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I am looking to make my own instant ramen soup - nothing complicated, but there must be a way to duplicate the instant variety without all the salt. I've played with combinations of dried onions + no - salt chicken bouillon, but without much success. The key is something that can be kept in an office drawer for some time - I can already make homemade soup from the scratch.

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Do you mean making your own ramen, or just the soup base? Ramen are slightly complicated to produce at home. –  Orbling Feb 3 '11 at 1:50
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Salt is the flavor.. –  Brendan Long Feb 3 '11 at 2:39
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On the series, River Cottage Every Day, Hugh Fearnley-Whittingstall made some instant "pot noodle" soups along with one of his chefs. I believe some of the add-in ingredients were perishable, but they were all just-add-water recipes when it came time to eating them. –  Allison Feb 10 '11 at 8:05
    
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2 Answers

The Japanese use a stock called Dashi for the base of many soups, sauces and dishes including the famous miso soup. Dashi is made like tea by seeping several different varieties of dried ingredients such as dried bonito flakes, dried baby sardines, dried kelp and dried shitaki mushrooms in varies combinations.

What you can do is boil water and use a teabag to seep the ingredients for a while then just remove the teabag. It requires quite a bit of bonito flakes to get any flavor. Rather than using Ramen noodles you might opt to use cellophane rice noodles or mung bean noodles instead. Finish with a dash of soy sauce, sambal or saracha. All these ingriedents can be ordered online, found at an Asian market or Whole Foods. You might also find several other types of mushrooms (watch out for sand), fish and vegetables that have been dried which will rehydrate nicely in the soup.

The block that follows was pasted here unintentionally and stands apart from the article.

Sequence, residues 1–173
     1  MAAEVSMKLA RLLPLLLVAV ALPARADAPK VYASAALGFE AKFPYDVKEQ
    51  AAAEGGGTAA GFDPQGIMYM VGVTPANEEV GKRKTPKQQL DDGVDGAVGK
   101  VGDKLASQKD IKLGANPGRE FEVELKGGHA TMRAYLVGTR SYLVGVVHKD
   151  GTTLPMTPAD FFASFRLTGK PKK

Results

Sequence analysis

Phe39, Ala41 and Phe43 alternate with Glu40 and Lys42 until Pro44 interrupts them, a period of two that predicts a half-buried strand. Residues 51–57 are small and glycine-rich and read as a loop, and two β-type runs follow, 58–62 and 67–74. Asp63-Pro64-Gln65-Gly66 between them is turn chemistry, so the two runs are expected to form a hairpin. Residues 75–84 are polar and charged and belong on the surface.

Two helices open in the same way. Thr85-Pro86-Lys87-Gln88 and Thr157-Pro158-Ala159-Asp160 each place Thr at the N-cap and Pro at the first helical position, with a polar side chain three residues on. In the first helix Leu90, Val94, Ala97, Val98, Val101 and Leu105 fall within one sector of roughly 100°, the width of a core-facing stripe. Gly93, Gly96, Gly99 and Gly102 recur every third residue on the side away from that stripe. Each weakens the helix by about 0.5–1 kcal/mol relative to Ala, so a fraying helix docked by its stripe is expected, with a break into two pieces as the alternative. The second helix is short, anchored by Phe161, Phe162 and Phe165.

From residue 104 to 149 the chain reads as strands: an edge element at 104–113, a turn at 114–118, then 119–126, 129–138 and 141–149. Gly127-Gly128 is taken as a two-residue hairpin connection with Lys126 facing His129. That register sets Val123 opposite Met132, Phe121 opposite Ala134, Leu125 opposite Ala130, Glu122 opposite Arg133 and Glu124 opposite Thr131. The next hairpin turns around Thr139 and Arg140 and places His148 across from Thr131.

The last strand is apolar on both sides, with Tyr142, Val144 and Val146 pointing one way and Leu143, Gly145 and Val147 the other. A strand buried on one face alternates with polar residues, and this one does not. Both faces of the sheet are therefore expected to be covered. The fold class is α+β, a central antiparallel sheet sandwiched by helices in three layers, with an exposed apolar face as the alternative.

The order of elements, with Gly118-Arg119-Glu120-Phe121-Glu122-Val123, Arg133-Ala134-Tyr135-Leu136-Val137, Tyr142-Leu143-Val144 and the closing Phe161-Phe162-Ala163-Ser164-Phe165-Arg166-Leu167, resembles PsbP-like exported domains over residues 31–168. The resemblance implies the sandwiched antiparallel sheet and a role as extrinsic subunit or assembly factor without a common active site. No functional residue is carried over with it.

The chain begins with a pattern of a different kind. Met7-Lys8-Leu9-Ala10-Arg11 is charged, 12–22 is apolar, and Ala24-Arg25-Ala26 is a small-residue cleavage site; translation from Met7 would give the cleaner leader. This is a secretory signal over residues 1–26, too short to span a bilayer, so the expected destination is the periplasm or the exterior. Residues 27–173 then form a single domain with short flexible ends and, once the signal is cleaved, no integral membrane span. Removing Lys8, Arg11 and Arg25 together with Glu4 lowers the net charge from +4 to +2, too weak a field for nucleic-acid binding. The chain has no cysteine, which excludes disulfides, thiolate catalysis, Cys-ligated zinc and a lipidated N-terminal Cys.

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Even if you made your own dashi this can still have quite a high salt level and wouldn't meet the instant requirement unless you keep two types of dried fish in your office desk draw! And I've seen low sodium soy sauce but not no salt soy sauce. I'm not sure this is a useful answer. –  vwiggins Feb 3 '11 at 15:23
    
Most of the above could be managed in an office (canned fish/seafood and misc. dried ingredients can be stored in a desk drawer along with low-sodium soy sauce and bricks of "instant" noodles). You'd be hard pressed to find a "no salt" ramen recipe (that goes so far as to even exclude low-sodium soy sauce & salt from tinned or dried fish), but you could easily cut the sodium level in half with the suggestions above & careful selection of ingredients. Definitely more work than "boil, add seasoning packet" though... –  voretaq7 Oct 9 '12 at 16:02
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What about some miso soup base instead?

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Miso paste is more than 5% salt already! –  TFD Jan 10 '12 at 5:08
    
This does not provide an answer to the question. To critique or request clarification from an author, leave a comment below their post - you can always comment on your own posts, and once you have sufficient reputation you will be able to comment on any post. –  KatieK Oct 7 '12 at 1:03
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